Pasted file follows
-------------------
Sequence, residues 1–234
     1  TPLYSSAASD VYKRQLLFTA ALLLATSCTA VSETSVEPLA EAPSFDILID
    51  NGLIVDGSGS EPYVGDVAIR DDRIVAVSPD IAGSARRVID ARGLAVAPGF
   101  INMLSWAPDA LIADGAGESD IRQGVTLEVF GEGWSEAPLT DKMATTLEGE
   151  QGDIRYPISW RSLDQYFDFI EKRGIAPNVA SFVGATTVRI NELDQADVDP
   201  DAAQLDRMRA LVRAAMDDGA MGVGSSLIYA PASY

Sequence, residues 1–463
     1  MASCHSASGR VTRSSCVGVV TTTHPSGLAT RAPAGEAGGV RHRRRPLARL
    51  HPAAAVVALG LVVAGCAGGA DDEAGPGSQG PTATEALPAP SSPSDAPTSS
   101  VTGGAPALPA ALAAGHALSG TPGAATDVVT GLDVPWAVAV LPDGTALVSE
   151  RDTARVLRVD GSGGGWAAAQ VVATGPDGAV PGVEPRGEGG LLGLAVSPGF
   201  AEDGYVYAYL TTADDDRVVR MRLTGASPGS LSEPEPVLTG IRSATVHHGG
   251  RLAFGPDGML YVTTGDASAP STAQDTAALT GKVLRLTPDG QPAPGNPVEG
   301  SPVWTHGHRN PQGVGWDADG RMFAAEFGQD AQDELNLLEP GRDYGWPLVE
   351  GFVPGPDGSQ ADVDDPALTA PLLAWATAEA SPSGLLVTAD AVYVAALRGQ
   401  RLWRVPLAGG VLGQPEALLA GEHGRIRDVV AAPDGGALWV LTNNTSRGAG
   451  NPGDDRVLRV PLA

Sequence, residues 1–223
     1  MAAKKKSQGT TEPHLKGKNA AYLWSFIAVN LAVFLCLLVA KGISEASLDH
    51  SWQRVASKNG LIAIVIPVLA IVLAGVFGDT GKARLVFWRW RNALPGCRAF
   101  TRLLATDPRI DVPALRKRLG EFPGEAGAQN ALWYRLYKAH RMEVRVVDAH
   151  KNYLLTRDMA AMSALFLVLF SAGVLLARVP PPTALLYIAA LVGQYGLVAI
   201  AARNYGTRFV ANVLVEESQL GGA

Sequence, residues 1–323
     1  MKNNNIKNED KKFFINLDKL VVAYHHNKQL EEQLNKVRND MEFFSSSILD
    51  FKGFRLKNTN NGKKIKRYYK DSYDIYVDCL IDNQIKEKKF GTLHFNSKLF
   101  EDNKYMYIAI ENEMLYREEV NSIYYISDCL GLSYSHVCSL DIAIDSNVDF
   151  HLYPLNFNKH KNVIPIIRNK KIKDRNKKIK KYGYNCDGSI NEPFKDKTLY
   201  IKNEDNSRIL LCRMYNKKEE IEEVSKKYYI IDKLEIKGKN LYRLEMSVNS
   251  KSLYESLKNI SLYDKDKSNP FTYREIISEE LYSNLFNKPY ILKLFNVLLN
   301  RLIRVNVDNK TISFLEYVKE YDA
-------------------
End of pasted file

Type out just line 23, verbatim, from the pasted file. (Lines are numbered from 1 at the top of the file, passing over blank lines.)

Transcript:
   201  AARNYGTRFV ANVLVEESQL GGA